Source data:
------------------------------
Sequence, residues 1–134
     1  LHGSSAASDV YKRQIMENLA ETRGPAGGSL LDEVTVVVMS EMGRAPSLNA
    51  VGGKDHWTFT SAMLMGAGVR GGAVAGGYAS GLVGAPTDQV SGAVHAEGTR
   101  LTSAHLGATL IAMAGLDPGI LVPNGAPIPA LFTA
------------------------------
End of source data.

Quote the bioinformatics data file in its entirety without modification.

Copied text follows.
Sequence, residues 1–134
     1  LHGSSAASDV YKRQIMENLA ETRGPAGGSL LDEVTVVVMS EMGRAPSLNA
    51  VGGKDHWTFT SAMLMGAGVR GGAVAGGYAS GLVGAPTDQV SGAVHAEGTR
   101  LTSAHLGATL IAMAGLDPGI LVPNGAPIPA LFTA